For me it has nothing to do with it being slower than the ES. It's a completely different market, and I feel it has much more follow through on the types of moves that I look for and like to take. In other words, I feel it fits my trading style better than the ES.
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The following 3 users say Thank You to Big Mike for this post:
@ TradingOnVolume, I feel that the underlying logical assumptions being made in your question could be analogous to asking: why would you use a hammer in your tool box? You should pick up the hammer because that's what the specific job and situation calls for.
Maybe another job calls for a sledge hammer, or maybe it calls for a chisel, but surely having all three leaves you better off and more versatile for the job instead of just having the one tool in the box.
I strongly believe that every trader and investor should be paying attention to how the yield curve is changing, because of the big money (pension funds, insurance companies, large macro funds) are all making portfolio adjustments based upon changing 2, 5, 10, 30 year changes in yield, so everyone else needs to be paying attention to them as well. For example, if yields are going up, what does that mean to junk bonds and the companies that now have a higher cost of capital? How does that trickle down into equity prices when earnings are squeezed with a higher cost of capital? How does that affect REITS that may or may not be less attractive?
As such, even if a trader doesn't directly trade the ZN, I think a good trader should always have one eye on the 10 year prices.
That said if you were to say I could only have one tool in the tool chest, why would I choose the ZN over other tools:
-Lots of liquidity, I can throw size into the market without slippage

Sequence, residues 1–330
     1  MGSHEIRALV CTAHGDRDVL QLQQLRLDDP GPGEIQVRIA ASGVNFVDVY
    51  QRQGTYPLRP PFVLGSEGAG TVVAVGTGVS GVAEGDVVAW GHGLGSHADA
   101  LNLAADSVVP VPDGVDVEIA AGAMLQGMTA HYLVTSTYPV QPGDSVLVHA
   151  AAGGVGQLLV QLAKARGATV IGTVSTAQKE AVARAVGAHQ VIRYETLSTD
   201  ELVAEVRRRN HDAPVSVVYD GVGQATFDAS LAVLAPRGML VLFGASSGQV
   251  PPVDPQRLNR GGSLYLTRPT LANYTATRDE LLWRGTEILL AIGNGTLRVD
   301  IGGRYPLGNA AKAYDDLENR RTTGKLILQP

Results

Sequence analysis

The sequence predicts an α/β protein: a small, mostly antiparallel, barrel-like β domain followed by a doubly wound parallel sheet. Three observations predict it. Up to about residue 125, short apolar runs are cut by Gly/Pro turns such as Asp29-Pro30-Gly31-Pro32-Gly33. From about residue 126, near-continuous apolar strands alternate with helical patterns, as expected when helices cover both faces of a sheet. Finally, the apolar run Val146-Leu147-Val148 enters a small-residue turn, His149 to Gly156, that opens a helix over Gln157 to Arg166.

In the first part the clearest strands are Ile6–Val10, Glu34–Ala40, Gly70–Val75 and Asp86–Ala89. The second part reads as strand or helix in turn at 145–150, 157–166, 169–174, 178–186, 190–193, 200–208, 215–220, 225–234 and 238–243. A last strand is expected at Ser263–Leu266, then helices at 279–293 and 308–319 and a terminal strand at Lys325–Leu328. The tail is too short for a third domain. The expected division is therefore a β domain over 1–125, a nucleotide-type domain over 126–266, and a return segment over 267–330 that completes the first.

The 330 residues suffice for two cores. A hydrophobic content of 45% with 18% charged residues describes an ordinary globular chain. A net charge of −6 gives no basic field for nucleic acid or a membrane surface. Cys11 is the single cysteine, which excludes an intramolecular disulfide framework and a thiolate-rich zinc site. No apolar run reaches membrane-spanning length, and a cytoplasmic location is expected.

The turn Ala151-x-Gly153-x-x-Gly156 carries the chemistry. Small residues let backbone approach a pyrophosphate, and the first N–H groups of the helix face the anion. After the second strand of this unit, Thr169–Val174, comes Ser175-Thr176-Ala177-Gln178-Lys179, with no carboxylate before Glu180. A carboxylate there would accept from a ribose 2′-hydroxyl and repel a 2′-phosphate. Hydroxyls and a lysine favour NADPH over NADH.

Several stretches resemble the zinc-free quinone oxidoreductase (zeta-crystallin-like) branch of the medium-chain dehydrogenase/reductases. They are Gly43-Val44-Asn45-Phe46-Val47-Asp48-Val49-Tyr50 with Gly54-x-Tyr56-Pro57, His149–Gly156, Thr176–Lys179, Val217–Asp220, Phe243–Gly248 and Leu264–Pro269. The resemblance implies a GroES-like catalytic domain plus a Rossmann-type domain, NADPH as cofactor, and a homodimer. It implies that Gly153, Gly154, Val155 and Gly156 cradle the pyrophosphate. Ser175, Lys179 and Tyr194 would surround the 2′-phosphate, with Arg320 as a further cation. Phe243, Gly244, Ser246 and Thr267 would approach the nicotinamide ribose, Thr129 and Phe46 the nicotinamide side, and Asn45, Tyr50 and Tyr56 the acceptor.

-It can be a slower moving market compared to Gold or Oil, making it easy to trade for those with slower mouse clicking fingers
-It's a bit more precise of an instrument compared to say ZB because of the half tick size
-At the moment with US Dollar strength and the instrument being USD denominated, it's like an extra bonus every time you close out a trade (assuming your bills are being paid in Euro, Aussie dollars, etc).
The following 2 users say Thank You to MacroNinja for this post:
I've always traded ZB/ZN/ZF (and their old-school cousins -- US/TY/FV), and as MacroNinja states, they all have excellent liquidity...and their movement/range is adequate to excellent for short term trading.
Recently, I've been noticing how "deep" the retracements have been -- where stops are run, and prior swing highs and lows are being taken out by 1 tick to clear the nesting stops --> it's reminding me of the behavior/culture from many years ago...
I never thought (from the past) that I would see bonds trading this high (over 160 closing to 170), and price moved 10 handles (from 154 to 164) in basically 2 weeks...
The following user says Thank You to dano0726 for this post:
ZN is more of a true representation of the supply/demand of Treasuries worldwide on that day. ZB is more of a niche product, because of the long duration, lower supply, lower volume attributes. Any institutions can muscle around the ZB with relative ease, but they can't do that with ZN. ZN is definitely much more liquid, but for retail traders, ZB liquidity is plenty. For fund managers and investment banks, ZN's better liquidity probably favors that product.